CM: I think because Boston is such a small town, it’s normal for the athletes that perform for Boston teams to be in the limelight a lot. With Pedro, I think the take he had on the media was really interesting because he was not afraid to necessarily to speak his mind.
At that point, he became the highest paid player on the team, so I think he expected that pressure to be on him because of his contract, because he was a Latino presence in the city, and because he was opinionated. Even though it caused some strife with the media, I think the media kind of enjoyed getting quotes from him. He didn’t mind speaking his mind and being carefree with what he wanted to do and say.
Today, we see it, we laugh, and we think it’s funny. But back in those days, it was a little bit more of a back and forth. Nothing got out of control, which is good because up until this day, we can still see the respect he has and receives from the media, as well as the respect that he gives the media. Thank God it was just an in-the-moment thing and never carried on to any bad resentment.
The Detroit Tigers recently signed Pedro Martinez Jr. to a minor league deal. How do you manage the baseball expectations for him?
CM: One of the good things is that he’s not going to be a pitcher, so that definitely will diminish the comparisons a little bit. He’s a third baseman. I think Pedro has made it really clear to his sons that they don’t have to be him, they don’t have to become him. Because there’s also Pedro Pablo Martinez Jr. that’s playing. He plays in Florida.
I know that as a dad, Pedro wants his sons to have their own identity. And I think he has communicated that to them really well. Even though the expectations are going to be there regardless, emotionally for them, they are clear that they don’t need to be up to daddy’s expectations.
They’re both infielders, they’re not pitchers. They’re both really different than Pedro, even body types and everything. I think they’re in a good spot for them to keep on doing what Daddy did but in their own way, shape, and form. For them, it’s probably going to be easier, or it could be harder, to not start from scratch but to start where Pedro left off. Sometimes that could be a double-edged sword. But we are hoping and praying that they’ll both do good.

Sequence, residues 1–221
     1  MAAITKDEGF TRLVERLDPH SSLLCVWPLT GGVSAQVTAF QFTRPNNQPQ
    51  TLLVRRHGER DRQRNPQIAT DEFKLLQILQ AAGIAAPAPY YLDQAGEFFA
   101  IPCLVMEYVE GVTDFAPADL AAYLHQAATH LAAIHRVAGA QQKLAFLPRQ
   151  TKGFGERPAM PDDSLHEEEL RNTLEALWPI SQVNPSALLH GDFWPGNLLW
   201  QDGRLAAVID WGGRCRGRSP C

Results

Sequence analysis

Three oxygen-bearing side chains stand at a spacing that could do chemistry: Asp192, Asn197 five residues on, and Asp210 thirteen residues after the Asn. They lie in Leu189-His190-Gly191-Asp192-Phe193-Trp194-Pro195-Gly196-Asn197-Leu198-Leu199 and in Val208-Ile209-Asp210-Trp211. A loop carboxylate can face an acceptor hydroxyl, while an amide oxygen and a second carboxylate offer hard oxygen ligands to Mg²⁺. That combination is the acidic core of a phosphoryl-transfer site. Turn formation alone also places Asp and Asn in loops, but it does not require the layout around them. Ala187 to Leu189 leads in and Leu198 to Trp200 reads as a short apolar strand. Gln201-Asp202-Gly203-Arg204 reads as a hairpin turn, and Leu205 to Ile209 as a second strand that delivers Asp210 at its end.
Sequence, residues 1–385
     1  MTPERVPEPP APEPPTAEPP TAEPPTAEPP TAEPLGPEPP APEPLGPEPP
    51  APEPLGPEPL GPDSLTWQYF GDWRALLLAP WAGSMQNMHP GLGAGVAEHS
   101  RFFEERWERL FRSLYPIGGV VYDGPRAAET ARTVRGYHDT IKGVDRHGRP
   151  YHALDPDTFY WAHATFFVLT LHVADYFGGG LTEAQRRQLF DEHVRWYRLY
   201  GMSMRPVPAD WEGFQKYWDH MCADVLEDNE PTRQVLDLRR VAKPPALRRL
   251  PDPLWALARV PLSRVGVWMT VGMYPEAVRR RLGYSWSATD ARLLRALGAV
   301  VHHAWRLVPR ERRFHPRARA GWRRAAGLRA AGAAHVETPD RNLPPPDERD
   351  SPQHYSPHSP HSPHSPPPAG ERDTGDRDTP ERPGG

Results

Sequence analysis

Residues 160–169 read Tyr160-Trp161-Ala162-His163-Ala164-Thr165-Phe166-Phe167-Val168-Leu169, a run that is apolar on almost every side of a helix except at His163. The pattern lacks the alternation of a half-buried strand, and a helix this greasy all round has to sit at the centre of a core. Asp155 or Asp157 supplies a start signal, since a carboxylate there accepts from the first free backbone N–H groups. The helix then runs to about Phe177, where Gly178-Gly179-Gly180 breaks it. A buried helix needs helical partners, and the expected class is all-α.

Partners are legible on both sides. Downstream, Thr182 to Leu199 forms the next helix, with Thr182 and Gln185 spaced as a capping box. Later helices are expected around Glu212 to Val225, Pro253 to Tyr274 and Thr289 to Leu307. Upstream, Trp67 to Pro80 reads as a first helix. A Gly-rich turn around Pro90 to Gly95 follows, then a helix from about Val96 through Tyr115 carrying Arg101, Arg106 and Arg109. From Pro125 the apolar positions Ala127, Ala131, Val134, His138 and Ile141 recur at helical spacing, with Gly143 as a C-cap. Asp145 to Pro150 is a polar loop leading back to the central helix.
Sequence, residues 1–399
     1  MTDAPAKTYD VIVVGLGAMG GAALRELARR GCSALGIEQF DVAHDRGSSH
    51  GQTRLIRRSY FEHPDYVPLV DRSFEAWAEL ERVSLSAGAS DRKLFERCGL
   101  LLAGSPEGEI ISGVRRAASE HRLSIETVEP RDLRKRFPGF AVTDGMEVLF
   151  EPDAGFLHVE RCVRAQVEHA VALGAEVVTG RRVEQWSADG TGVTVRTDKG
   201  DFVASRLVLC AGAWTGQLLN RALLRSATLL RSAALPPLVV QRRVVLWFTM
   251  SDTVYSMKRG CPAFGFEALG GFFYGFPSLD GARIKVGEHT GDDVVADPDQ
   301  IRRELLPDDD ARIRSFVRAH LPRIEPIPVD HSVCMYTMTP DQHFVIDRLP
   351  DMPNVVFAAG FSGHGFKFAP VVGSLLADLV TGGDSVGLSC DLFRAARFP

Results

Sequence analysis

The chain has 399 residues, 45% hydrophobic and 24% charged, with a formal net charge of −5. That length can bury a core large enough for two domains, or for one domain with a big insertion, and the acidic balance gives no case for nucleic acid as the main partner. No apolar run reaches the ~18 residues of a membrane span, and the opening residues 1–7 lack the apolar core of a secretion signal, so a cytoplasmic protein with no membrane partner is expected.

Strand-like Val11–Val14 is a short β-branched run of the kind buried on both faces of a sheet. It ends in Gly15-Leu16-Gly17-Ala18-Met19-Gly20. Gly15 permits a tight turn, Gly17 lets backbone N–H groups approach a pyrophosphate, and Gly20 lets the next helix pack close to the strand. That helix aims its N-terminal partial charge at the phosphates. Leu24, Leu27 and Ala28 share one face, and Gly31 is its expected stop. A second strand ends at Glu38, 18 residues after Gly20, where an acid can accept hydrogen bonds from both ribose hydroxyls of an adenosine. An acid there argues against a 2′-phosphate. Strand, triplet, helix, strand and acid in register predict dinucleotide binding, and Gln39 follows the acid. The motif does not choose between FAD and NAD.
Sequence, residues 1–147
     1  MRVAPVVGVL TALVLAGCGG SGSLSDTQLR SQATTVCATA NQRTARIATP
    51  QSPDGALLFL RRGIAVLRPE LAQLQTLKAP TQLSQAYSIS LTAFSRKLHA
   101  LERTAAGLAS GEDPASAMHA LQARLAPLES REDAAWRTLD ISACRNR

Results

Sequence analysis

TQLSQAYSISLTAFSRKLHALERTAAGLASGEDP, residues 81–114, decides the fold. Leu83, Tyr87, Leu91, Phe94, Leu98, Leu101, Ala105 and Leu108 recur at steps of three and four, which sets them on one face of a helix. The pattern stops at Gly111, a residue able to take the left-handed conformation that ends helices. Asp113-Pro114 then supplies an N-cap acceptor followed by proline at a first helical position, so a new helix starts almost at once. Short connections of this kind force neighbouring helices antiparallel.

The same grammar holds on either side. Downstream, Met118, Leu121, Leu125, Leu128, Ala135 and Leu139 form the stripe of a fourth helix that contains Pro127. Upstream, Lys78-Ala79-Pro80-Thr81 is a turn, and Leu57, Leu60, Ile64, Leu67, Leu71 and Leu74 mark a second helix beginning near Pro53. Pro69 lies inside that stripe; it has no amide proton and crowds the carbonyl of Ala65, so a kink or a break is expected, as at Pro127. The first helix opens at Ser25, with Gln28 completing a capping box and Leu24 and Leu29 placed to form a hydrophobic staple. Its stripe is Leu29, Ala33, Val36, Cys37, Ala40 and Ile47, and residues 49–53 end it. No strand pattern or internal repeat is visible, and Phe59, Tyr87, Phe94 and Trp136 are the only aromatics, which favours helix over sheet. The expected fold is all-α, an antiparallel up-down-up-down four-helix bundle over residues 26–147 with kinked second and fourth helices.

Does Pedro ever give them little pointers or try to coach them?
CM: Oh yeah, all the time. There’s always some bumping heads because the kids, you know, really think they know best. But he coaches them. When he’s not home, they send videos, and he can tell just looking at the videos: ‘You’re off here, you’re off there.’ It’s great having a coach like him.
Is there a lot of baseball talk at home?
CM: Yes, yes. I personally enjoy when we’re watching a game because it’s like watching him fight the TV, no matter who’s playing. That’s one of my highlights of the day, when there’s a baseball game and we’re watching it together. Sometimes I feel tempted to do like a Facebook Live or an Instagram story just because it’s so… You know, as a former player, they become really critical.
One of the tweets that he recently tweeted was about how he hadn’t seen a hit-by-a-pitch during the playoffs yet and he used the hashtag “#differentimes.”
This might be the only post season where I am yet to see a hit by pitch, or a brush back pitch #differenttimes
— Pedro Martinez (@45PedroMartinez) October 8, 2017
So you know, when they’re old school, they have their own little book of baseball and how things should go. I enjoy when we’re watching it, that this generation is a different generation with a different mindset. He enjoys them too, but at the same time, he’s like, ‘This is not what I expected,’ or ‘This pitcher, you know, pisses me off. They don’t pitch inside enough. They don’t have the guys. They don’t have the heart,’ or ‘I wish that would be me, 20 years ago.’
It’s just really funny to hear his commentary. I’ve felt tempted many times just to start a Facebook Live because I’m a baseball fan myself, so I always put myself in the shoes of fans and think about what they would enjoy. But no, I don’t do it. I just think about it. But it’s great. We always talk baseball, all the time.
What’s something that fans would be surprised to know about Pedro?
CM: I think people are surprised that he is in love with flowers. He loves flowers, he loves gardening. He talks to flowers. That’s what he used to do before pitching, actually. That was his therapy. He would go and he would clip them and just talk to them. It’s something that he inherited from his mom because she used to do that with him when he was younger. Whenever he had some kind of, you know, he’s always had a character since he was a little boy, snappy, you know? What she used to do is she used to bring him over with her to the garden, and she would tell him, ‘This will calm you down.’ So then that’s what he started to do.
He carried that with him, and on his pitching days, he used to go out to the garden in our home, and he used to clip flowers and talk to them. And get rid of the dry ones. I think that’s something that baseball fans might find interesting because he’s such a beast on the field, but he has a really tender heart.
Is there a particular flower that he likes the most?
CM: He loves them all. He’s been trying to get the Boston landscaping over to the Dominican, but I keep telling him that’s not going to be possible. Weather-wise, they are so different. Over there it is humid and dry. Here, even in the summer, it is still nice. It’s not the Caribbean. But he has tried. We’ve brought some seeds over to our home, but they don’t last. He loves all the flowers, though. He doesn’t have one favorite in particular. Whatever blossoms, he’s like, ‘Aw that’s so pretty.’